•The writer
•The writer

Access to free sanitary pads for girls without tears!

A World Bank report published on May 25, 2022, sthat on any given day, more than 300 million women worldwide menstruate or have theiates tr period. 

This is a female biological function, which involves the normal discharge of blood and other material from the lining of the uterus or womb at intervals of about one lunar month from puberty until menopause, except during pregnancy.

The first day of a woman's period is also the first day of the menstrual cycle, which can last between two to seven days. During a period, women lose about 20 to 90ml (about one to five tablespoons) of blood, although some women bleed more heavily than this.

Despite the importance of this biological function in the life of women, it is estimated that globally, 500 million women do not have access to adequate facilities to manage their periods, with about 50 per cent in developing countries forced to use rags, paper and leaves.

Adolescent girls often face many challenges that may compromise their ability to complete school or their sexual and reproductive health.

These challenges can be even further complicated by the stresses associated with menstruation or their limited access to sanitary products, decent toilet facilities and running water to help them manage menstruation.

Menstrual hygiene habits can impact incidence of sexually transmitted and reproductive tract infections, school attendance and performance, psychosocial health and cause fear of leaking and shame, all of which can contribute to the inability of girls to reach their potential.


A UNESCO report estimates that one in 10 girls in sub-Saharan Africa misses school during their menstrual cycle, which is equivalent of about 20 per cent of a given school year.

According to UNICEF, in Ghana for example, only two out of five schools have toilets or pit latrines and running water, making it difficult for girls to manage their menstrual health.

While several programmes have previously been developed to address girls’ menstrual health management, in recent times, the provision of sanitary pads by civil societies, individuals and politicians to girls of schooling age has attracted a lot of attention.

Whereas this initiative is seen by some as a corporate social responsibility, others see it as a mere political gimmick aimed at securing votes in elections.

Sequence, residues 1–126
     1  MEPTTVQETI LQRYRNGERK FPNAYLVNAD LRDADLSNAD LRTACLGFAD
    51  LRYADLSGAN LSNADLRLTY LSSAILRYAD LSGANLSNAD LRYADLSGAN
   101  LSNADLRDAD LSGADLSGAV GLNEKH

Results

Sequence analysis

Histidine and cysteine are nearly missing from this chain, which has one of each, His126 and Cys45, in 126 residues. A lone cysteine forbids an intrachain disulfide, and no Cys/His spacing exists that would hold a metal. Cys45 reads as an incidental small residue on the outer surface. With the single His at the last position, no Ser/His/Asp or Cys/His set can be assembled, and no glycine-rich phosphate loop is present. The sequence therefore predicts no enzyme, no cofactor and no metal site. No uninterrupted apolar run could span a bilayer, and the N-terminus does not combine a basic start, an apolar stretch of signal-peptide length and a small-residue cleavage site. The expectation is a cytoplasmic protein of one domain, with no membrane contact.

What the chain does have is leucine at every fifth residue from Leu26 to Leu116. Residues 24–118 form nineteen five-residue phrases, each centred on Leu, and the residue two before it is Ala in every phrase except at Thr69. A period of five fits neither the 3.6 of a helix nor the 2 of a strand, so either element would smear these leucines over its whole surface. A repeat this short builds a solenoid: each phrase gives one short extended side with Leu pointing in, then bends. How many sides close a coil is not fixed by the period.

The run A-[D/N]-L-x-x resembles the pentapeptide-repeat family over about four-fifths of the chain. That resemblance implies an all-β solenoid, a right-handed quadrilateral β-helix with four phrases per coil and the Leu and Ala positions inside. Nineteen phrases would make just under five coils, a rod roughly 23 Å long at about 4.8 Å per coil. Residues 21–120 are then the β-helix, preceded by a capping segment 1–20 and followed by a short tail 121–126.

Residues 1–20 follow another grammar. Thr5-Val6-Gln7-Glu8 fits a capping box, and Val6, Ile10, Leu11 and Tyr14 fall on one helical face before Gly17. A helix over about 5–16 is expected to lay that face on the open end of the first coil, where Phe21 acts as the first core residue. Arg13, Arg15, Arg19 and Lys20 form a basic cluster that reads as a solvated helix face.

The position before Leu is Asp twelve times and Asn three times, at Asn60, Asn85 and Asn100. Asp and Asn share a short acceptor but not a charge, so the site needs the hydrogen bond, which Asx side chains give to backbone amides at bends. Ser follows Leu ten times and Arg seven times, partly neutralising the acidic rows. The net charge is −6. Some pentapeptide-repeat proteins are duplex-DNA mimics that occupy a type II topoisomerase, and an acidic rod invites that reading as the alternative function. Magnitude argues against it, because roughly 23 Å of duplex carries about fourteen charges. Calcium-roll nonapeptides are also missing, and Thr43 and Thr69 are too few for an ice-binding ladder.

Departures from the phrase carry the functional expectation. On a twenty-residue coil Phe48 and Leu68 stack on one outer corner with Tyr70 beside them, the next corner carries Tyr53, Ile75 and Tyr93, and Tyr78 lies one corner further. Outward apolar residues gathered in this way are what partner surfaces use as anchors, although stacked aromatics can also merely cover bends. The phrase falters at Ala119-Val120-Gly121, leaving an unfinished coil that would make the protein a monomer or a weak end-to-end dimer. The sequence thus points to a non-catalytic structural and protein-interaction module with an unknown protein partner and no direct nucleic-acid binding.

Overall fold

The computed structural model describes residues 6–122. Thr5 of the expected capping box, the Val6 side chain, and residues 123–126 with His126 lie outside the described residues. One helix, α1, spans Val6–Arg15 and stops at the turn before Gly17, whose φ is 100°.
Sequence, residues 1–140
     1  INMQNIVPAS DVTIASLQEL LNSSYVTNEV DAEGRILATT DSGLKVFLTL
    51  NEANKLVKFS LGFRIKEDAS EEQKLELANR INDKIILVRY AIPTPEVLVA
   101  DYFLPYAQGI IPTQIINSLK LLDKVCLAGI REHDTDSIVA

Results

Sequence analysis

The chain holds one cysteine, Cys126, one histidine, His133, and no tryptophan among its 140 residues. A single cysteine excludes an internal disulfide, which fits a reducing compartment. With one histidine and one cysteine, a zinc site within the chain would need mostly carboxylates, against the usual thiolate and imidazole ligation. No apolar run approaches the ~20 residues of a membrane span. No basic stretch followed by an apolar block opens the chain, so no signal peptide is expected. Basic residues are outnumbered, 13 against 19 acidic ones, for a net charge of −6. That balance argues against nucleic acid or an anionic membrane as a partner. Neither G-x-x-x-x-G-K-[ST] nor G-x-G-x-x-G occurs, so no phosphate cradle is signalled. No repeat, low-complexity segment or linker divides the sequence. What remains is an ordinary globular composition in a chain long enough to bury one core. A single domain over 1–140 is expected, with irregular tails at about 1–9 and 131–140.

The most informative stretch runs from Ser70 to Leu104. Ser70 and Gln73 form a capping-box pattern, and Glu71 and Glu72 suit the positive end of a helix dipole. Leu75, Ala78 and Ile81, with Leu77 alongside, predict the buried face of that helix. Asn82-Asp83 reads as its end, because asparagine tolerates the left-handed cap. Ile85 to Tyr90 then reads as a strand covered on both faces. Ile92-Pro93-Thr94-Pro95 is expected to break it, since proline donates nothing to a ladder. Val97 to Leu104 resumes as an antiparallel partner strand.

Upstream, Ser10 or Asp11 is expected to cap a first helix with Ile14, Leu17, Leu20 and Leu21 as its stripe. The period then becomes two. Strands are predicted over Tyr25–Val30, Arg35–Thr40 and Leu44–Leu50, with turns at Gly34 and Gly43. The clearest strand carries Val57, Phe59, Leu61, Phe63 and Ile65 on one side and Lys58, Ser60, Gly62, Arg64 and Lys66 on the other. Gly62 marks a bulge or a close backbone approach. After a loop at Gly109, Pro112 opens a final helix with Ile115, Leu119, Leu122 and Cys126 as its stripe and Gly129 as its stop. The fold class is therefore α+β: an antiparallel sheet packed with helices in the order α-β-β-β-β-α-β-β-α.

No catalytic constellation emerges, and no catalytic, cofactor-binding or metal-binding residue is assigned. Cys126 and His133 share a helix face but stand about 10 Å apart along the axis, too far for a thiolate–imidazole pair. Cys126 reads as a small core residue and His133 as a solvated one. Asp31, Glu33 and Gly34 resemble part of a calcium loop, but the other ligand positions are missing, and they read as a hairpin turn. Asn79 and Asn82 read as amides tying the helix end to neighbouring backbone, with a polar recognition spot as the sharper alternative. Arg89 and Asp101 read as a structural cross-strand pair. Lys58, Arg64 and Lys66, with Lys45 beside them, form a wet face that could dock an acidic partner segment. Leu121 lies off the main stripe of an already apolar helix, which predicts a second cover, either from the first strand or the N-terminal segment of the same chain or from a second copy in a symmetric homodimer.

A BBC report, which showed a number of schoolchildren injured when a railing broke loose at a stadium in a southern Sierra Leone town where the President of Sierra Leone, Julius Bio and the First Lady, Fatima Bio, were distributing free sanitary towels, is a recent case of how girls struggle to keep up during their menstrual period.

Nevertheless, the sanitary pad provision initiative is a worthy cause that must be encouraged.

The problem though is the sustainability of the initiative in terms of cost. 

Reduce taxes

To make the initiative sustainable and affordable, governments must actively get involved in making sanitary pads free, safe and accessible to girls of schooling age as it is quite expensive for girls in deprived communities to be able to afford.

The price of a sanitary pad cost between GH¢10 to GH¢25 on the retail market, a girl in her period will need about two packs of the sanitary pad for her monthly cycle and this can be quite challenging.

There have also been calls by individuals and civil societies to government to reduce taxes and market entry barriers, which will lead to price reduction on sanitary pads, making them free and readily accessible to improve personal hygiene and reduce some of the associated challenges.

Scotland has become the first country in the world to make sanitary products free for all and this has been in effect since August, 2022.

Addressing girls’ menstrual health challenges are important but are better positioned as part of a comprehensive sexuality education programme that addresses the associated stigma and shame, inequitable gender norms, access to menstrual products, and the gaps in sexual and reproductive health knowledge, as opposed to a girls’ education intervention.

The writer is the Senior Procurement Manager,
Ghana College of Pharmacists.

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